HOMESTEAD FL - OCTOBER 01: Tony Kanaan of Brazil driver of the #11 Team 7-Eleven Dallara Honda talks with his son Leonardo during qualifying for the IZOD IndyCar Series Cafes do Brasil Indy 300 at Homestead-Miami Speedway on October 1 2010 in Homestead Florida. (Photo by Chris Graythen/Getty Images)
Andretti Autosport confirmed today that Tony Kanaan and his $3 million plus per season salary may not be around much longer, and that longtime Kanaan sponsor 7-Eleven is reducing their role with the team to associate sponsorship.
Additionally, 7-Eleven will move from AA's #11 team to Danica Patrick's #7 team in 2011.
John Lopes, senior vice president and chief marketing officer at Andretti Autosport, said today that
...our hope is to have Tony Kanaan and the 11 car as part of our IZOD IndyCar Series lineup again in 2011 and we are currently working very hard to find the necessary sponsorship to make that a reality.
In the meantime and although he remains under contract with Andretti Autosport, we have given Tony and his management the permission to talk with other IndyCar team owners to explore what other alternatives might be available at this time.
The news comes after a contentious season that saw Kanaan, the de facto team leader at Andretti Autosport, and Patrick engage in an on-again-off-again feud which also saw some very aggressive racing between the two drivers. During the Cafes do Brasil 300 at Homestead-Miami Speedway Saturday night, both drivers battled fiercely for the second- and third-place podium spots, with Patrick eventually finishing second and Kanaan third.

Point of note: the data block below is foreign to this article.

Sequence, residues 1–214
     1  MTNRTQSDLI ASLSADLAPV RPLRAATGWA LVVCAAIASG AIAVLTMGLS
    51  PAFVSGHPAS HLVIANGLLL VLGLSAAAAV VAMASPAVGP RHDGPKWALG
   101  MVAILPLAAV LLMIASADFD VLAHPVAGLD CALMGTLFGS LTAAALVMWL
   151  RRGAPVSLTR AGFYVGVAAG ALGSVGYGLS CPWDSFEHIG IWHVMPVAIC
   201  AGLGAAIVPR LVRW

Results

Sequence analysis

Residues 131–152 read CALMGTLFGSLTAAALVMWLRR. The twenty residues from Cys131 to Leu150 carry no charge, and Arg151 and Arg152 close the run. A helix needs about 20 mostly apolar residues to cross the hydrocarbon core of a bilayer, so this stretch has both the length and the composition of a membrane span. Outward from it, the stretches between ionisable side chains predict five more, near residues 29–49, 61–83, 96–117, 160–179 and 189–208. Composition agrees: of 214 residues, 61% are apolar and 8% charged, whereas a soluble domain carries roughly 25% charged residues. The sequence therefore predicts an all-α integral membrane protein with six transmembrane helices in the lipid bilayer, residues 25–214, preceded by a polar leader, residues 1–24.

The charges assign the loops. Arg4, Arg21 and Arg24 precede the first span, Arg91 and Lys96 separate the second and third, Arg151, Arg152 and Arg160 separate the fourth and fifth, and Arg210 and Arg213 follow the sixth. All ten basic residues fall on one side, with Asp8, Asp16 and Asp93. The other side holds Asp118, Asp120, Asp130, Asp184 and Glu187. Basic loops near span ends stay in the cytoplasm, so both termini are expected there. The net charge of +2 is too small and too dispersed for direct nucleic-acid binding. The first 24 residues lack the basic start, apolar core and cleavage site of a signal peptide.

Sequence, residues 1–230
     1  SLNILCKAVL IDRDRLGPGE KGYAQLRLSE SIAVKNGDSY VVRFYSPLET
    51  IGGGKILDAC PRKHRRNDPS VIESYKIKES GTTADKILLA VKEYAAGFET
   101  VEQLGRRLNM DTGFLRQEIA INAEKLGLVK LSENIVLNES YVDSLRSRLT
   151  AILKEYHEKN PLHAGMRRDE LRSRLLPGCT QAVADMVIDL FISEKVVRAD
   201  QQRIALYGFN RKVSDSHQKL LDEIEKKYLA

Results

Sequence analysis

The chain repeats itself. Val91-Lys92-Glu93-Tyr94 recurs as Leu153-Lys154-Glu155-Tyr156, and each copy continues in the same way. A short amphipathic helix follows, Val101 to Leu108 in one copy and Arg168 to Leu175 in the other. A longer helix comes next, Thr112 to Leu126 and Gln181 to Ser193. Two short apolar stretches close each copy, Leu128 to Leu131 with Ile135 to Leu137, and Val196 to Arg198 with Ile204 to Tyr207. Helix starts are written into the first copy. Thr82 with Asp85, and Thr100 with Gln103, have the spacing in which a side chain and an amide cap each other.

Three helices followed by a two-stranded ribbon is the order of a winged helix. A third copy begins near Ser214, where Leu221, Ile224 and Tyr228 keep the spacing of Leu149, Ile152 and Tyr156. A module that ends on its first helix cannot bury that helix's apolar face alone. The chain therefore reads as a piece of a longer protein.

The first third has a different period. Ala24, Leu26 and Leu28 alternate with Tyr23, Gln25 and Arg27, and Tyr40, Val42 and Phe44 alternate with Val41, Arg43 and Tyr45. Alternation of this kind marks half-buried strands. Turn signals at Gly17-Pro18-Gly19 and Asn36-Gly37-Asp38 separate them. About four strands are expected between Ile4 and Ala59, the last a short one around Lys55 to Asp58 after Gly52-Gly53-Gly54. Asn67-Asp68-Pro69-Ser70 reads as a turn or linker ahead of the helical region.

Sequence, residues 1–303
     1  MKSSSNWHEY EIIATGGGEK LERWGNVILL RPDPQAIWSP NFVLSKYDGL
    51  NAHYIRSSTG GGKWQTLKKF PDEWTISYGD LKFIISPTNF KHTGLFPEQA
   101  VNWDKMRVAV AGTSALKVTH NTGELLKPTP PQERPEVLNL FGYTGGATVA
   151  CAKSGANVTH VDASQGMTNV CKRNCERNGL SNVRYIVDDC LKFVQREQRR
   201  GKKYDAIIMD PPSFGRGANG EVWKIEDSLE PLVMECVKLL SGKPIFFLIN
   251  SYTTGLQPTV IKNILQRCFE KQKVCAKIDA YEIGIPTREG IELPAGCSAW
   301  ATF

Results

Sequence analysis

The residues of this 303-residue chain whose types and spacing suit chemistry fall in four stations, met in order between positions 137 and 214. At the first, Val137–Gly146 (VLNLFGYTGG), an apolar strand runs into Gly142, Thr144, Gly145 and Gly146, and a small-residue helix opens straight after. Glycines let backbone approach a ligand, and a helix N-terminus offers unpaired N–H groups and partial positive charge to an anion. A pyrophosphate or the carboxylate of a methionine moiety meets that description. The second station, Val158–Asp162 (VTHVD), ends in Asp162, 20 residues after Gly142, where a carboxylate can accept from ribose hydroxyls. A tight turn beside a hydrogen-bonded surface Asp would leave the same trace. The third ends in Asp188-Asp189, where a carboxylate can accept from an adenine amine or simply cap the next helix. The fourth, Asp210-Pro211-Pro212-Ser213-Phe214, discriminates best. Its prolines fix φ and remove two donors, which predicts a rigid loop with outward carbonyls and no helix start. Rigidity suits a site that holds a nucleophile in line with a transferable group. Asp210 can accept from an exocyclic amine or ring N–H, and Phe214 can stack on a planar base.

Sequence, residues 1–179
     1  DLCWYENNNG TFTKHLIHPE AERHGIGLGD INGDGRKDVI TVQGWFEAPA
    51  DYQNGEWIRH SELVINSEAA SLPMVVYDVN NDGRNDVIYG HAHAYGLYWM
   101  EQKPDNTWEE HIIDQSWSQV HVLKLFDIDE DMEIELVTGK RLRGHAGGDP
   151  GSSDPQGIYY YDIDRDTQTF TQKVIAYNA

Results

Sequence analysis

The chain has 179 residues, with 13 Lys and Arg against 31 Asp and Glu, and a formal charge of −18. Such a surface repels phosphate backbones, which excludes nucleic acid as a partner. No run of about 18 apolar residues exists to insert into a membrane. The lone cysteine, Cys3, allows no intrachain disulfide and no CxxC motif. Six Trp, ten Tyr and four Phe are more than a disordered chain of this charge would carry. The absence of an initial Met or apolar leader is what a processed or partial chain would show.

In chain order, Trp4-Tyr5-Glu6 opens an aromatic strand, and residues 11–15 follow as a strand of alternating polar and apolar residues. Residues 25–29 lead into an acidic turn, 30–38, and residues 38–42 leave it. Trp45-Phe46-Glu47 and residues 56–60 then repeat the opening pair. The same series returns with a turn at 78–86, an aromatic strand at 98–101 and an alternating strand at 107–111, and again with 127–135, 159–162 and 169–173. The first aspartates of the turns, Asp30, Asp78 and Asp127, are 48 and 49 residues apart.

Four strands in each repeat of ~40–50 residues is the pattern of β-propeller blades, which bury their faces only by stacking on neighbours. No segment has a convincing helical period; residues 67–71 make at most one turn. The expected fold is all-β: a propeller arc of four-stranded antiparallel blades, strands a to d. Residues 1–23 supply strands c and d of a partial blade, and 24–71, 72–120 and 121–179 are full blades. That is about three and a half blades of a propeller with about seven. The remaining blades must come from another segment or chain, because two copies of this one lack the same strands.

It should be noted that Kanaan participates in Kraft Foods' racing and marketing programs, which is a separate deal from the 7-Eleven sponsorship. However, in recent years Kraft's primary sponsorships have been limited to single-event special paint schemes (including this year when Planters peanuts took over primary sponsorship on the #11 car) and there is no indication that Kraft might escalate their Kanaan sponsorship either for Andretti Autosport or for another team.
Kanaan's salary requirements severely limit his options at other teams, particularly if he does not bring additional sponsorship of his own to a new ride. Target Chip Ganassi Racing has been rumored to be expanding to three cars for 2011 and Kanaan nearly had a deal to drive for Ganassi during his last contract negotiations. But while Ganassi is one of the very few owners in IndyCar that could afford Kanaan's salary, he seems more likely at this point to offer a seat to Graham Rahal, who brings full sponsorship from TCB Retail Group as well as lower salary demands.
One possible team that could be in the hunt for Kanaan if he leaves Andretti Autosport might be de Ferran Dragon Racing, who mentioned the possibility of expanding to two cars in 2011 earlier this season. Kanaan's team leadership abilities and setup skills might be an attractive package in a mentoring role for fellow Brazilian Raphael Matos, and the team might have the resources to afford Kanaan's financial desires.